By Bunny Sauriol, Captain, Team Malice
Little things make a huge difference
I’ve been competing since 2002, which puts me at 20 years in November! In that time, robots have changed dramatically. When I started we were pulling motors out of automatic doors and the dirtiest wheelchairs you can imagine. The batteries were the heaviest part for a lot of us. Now, you can order your motors custom made and your batteries are one of the lightest components. Even though the sport has evolved and gotten more powerful and harder hitting, there are some tips and tricks that haven’t changed and make each robot better.
Tape your battery connectors before your match
There are so many fights I’ve seen where it’s a small thing that loses it for the builder, and of those, the most common is having the battery get pulled out from the force of the hits. Tape them up!
Cut weight off the connectors!
Cutting weight is one of the hardest things to do in the fairy/ant weight classes. The biggest way to save weight for me has been to cut off the bullet plug connectors and directly solder the wire from the motor to the esc.
Finishing your robot before the event will give you time to learn if one motor is faster or slower than the other so you can adjust. Setup a small area and just drive with no weapon!
Support the motor can
I see face mounted motors a lot, and that puts a lot of pressure on the screws to hold. Print a support and glue it in place if you don’t have weight!
Cut weight with 3d printed wheel hubs
One of the easiest ways to cut weight is to use 3d printed wheel hubs. Use a drop of hot glue to secure them. Make sure you have plenty of spares, they need to be replaced frequently.
Adding grip with latex paint
One of the toughest things for lightweight foam tires is making them grip the floor well. Add 3 coats of latex paint, letting each coat dry fully for 24 hours before adding the next. The latex paint gives your tires the stickiness you need to grip the arena floor even after a long event has left a lot of debris in there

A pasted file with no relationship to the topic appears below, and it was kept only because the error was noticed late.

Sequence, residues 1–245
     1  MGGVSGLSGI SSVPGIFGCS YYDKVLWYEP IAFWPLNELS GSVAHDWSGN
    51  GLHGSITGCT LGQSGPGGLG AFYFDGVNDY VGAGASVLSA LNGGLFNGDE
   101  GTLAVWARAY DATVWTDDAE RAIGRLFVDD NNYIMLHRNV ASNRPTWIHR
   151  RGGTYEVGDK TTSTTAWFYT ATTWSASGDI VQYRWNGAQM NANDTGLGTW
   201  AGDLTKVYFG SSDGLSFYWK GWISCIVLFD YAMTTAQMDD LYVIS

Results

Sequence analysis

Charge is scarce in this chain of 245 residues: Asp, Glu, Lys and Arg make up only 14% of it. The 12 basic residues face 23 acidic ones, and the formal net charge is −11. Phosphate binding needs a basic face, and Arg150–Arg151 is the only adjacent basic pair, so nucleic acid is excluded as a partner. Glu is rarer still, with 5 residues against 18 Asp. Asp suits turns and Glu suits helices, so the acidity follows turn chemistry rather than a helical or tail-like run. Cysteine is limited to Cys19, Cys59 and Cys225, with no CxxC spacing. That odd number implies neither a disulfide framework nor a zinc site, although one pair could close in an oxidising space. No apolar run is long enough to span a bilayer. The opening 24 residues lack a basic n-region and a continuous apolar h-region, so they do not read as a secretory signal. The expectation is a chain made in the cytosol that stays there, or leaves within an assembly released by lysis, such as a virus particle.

Hot glue the power switch
To save weight, I hot glue my power switch in place. This is not recommended by Fingertech, as it reduces the life of the power switch, but I need every gram I can get in my fairy as I put it all in my weapon. I have to redo the hot glue frequently, but the weight savings for me are worth it.
Get a battery voltage tester
This was worth the investment to know that the batteries I’m using are safe. I tend to run my batteries down to the very dangerous levels in 3 minute matches because my weapon likes to eat current. This tool gives me the information I need to make sure everything I’m doing is safe and won’t cause a toxic and dangerous lipo fire. It also helps me collect data on how to improve my robot. I know if I have too much voltage left after a fight, I’m using too large of a battery and can cut weight there. Highly Recommend.
I often go a long time between designing my robot and repairing it, and forget which size screws I use. This makes it really hard to reorder when I need more spares. It’s even harder when I’m at the event, with 3 minutes until my next fight searching through a bunch of screws to find the correct sized one I need. Keep organized and save yourself a ton of headache. Write down what kind of screw, metric or standard, the size and the length on a piece of paper and tape it to your screw organizer lid. Or, be fancy like me and vinyl cut it.